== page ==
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Name: bbonnen

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I have built three kayaks paddled quite a few, having rented various boats for around a year before deciding on what I wanted. This is my all around favorite for several reasons. It is long enough to track well and has a pretty good cruising speed. It is easy to roll and turns on a dime. It is easy to control in a heavy chop or confused seas. It surfs well. It has enough storage space for at least week or two of unsupported camping, depending on how light you can pack. It weighs less than 35 pounds and is a beautiful boat that is often a conversation piece when on my car or at the dock. If you can follow step by step instructions you can build it, and I was surprised at how much I enjoyed the building process. Pygmy has good phone support if you have any questions.

I built my Arctic Tern in 2005 so it's 6 years now. Previously I had built an Osprey Triple (also reviewed on this site) with minimal woodworking experience and excellent phone support from Pygmy so with that experience under my belt it was even more fun the second time around. 6 years ago I would consider myself a beginner level paddler - now I would say pretty good intermediate skills.

This is a beautiful boat and will be a conversation piece wherever you go. It's very light and easy to cartop. It came in right at 39 pounds and after adding a skeg it is 43 pounds. It rolls easily and turns very sharply when on edge. Initial stability is more than adequate for a beginner and with experience you will not be wishing for another boat and I have paddled quite a few now. Unless you are into competitive racing it is plenty fast.

Last year I did an 8 day solo trip in the Everglades / 10 Thousand Island area of South Florida and had plenty of storage room. With good planning and packing I'm guessing you have enough storage for a 2-3 week unsupported trip. Speed was good and it was easy to paddle fully loaded - I'm 5'11" and weigh 210# - probably had around 150# of water and gear.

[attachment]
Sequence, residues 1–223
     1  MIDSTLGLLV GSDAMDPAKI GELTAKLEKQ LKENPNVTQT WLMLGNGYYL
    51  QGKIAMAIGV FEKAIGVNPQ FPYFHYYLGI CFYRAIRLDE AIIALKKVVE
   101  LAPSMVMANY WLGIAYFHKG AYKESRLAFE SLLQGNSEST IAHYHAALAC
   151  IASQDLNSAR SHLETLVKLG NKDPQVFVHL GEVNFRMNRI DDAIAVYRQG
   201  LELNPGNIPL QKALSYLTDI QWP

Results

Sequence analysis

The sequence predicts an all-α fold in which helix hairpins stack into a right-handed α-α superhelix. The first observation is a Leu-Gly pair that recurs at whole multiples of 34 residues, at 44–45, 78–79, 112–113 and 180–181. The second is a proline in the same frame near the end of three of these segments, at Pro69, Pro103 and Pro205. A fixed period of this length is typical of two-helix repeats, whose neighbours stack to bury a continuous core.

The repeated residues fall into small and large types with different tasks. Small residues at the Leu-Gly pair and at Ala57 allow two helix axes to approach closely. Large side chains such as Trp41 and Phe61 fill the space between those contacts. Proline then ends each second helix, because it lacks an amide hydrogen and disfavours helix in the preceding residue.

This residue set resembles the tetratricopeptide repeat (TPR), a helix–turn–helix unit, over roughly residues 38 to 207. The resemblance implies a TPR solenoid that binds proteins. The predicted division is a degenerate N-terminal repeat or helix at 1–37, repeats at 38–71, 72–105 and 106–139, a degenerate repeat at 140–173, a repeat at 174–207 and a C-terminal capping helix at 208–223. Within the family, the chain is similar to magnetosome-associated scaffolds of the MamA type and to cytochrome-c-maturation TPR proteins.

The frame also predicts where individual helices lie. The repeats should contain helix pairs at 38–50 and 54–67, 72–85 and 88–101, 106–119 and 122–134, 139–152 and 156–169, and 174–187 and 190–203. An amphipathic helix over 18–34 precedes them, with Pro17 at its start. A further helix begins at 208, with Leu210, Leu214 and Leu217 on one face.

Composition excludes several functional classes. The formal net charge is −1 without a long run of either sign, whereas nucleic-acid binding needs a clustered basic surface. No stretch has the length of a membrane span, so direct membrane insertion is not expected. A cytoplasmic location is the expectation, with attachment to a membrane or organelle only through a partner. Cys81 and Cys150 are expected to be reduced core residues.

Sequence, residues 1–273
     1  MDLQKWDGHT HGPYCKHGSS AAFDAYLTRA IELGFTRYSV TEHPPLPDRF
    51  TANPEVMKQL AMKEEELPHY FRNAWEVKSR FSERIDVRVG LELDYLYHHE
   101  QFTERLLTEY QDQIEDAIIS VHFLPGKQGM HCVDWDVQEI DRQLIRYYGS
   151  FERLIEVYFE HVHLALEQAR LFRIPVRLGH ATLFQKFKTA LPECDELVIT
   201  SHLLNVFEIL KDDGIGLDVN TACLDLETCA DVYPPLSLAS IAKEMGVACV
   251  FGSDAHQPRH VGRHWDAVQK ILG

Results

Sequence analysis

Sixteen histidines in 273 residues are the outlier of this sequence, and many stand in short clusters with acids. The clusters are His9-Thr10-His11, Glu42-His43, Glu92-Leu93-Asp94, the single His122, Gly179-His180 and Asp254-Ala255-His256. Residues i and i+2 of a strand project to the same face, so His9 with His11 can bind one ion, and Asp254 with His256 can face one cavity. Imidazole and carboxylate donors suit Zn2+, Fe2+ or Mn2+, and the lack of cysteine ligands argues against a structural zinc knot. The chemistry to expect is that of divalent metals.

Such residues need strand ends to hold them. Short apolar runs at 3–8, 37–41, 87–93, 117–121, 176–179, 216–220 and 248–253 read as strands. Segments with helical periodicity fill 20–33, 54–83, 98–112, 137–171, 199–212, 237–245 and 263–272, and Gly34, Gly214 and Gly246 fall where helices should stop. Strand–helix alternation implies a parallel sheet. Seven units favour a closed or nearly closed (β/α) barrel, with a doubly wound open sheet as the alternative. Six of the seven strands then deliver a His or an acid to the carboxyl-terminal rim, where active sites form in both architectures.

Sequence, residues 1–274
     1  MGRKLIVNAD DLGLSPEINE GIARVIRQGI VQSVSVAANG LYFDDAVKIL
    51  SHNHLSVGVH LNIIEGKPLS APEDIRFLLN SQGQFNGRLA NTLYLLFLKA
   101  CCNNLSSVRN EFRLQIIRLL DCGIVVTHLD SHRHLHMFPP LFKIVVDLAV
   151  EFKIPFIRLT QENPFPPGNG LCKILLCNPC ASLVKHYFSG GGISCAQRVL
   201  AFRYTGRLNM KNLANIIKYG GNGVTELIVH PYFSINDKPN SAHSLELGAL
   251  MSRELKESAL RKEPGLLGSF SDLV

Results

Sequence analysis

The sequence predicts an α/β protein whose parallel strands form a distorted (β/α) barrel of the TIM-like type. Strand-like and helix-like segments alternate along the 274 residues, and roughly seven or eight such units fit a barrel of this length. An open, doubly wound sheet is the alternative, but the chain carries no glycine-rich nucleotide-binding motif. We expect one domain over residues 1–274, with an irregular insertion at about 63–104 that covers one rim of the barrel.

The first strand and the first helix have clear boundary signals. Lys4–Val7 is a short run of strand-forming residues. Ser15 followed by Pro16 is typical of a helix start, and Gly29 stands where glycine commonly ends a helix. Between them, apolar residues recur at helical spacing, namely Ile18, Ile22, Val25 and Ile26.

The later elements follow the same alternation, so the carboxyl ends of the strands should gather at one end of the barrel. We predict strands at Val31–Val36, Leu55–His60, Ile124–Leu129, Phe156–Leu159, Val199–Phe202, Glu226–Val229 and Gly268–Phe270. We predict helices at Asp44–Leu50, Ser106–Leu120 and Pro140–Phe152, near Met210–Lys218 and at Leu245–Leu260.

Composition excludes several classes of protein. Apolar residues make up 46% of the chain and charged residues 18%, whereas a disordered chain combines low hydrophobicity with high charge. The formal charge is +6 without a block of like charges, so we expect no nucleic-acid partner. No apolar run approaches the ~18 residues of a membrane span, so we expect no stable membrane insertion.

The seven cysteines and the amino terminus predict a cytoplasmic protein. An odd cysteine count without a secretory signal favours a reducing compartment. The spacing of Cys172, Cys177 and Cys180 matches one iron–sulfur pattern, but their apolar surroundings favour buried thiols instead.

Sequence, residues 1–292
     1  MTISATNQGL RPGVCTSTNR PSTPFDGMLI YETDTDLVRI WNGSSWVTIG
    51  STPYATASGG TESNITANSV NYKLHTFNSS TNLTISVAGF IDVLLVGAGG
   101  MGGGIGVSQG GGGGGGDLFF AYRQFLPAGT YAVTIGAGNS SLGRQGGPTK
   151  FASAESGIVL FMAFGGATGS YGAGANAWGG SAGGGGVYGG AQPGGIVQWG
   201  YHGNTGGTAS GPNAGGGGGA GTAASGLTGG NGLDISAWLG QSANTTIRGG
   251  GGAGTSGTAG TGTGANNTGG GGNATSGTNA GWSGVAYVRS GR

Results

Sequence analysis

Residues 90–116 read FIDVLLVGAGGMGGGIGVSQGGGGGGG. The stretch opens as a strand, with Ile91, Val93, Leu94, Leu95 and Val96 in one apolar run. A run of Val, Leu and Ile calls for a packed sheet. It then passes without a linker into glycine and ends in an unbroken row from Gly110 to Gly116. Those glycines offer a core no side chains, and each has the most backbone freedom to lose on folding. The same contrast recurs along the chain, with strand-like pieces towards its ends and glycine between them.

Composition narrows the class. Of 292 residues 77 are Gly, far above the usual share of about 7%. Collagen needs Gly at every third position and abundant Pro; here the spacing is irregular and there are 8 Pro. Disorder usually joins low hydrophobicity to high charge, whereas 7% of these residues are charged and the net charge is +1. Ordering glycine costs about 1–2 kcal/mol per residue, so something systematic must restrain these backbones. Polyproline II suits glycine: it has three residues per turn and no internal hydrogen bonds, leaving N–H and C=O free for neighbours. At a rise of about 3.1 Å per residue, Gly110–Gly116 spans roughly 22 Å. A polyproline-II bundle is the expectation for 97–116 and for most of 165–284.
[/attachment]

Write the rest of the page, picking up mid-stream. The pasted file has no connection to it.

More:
Suggestions:
The stock seat is adequate but I replaced it with one I bought from Redfish Kayaks which I prefer. Paddle with it for a while first - it's no big deal to customize the seat. I got fancy and secured the hatches from underneath with a bungee system - it was very pretty with a nice clean look on the deck and fine for day trips, but if you really want watertight hatches use Pygmy's system with the straps on the deck. I ended up reverting to this. I added a skeg but if you're an experienced paddler you may prefer to go without. I would not add the rudder - developing basic paddling skills will turn you easier and faster. And if you're a first time builder with no fiberglassing experience get someone to help you when you glass the deck and hull if possible - if not don't let it get in your way. Add footbrace studs to avoid drilling holes in the side for footbraces. Add perimeter deck lines for safety and convenience. Add knee braces if you surf or roll. Pygmy sells these as accessories on their site.

The suggestions are nitpicking and customizing - this is a fantastic boat and an easy 10.

I built the Osprey Triple 5 or 6 years ago so I could get myself and my 2 kids in the same boat. It is beautiful, rugged and versatile. Paddled solo it is much faster than a sit on top and also easy to keep up with a group of ocean kayaks as long as they're not racing. As a double it has lots of storage. With 3 people it has been good for taking out novices, older relatives who aren't so good at paddling, and allowing more friends to come along when only 2 boats fit on the roof of my car. I later built an Arctic Tern 17' and 14' which I also highly recommend. The triple still gets plenty of use though even with the kids grown and gone. Also it's a pleasure to build. I have no previous boat building experience and very little woodworking experience (I made a bookshelf once and can build a wooden fence) so I would agree with Pygmy no experience required. What is required is the ability to follow the step by step instructions. Phone support for my many questions was excellent - the people answering the phone have built Pygmy boats themselves. You will meet people with this boat - it's a real conversation piece on the car, at the dock, or on the water. A+ all around.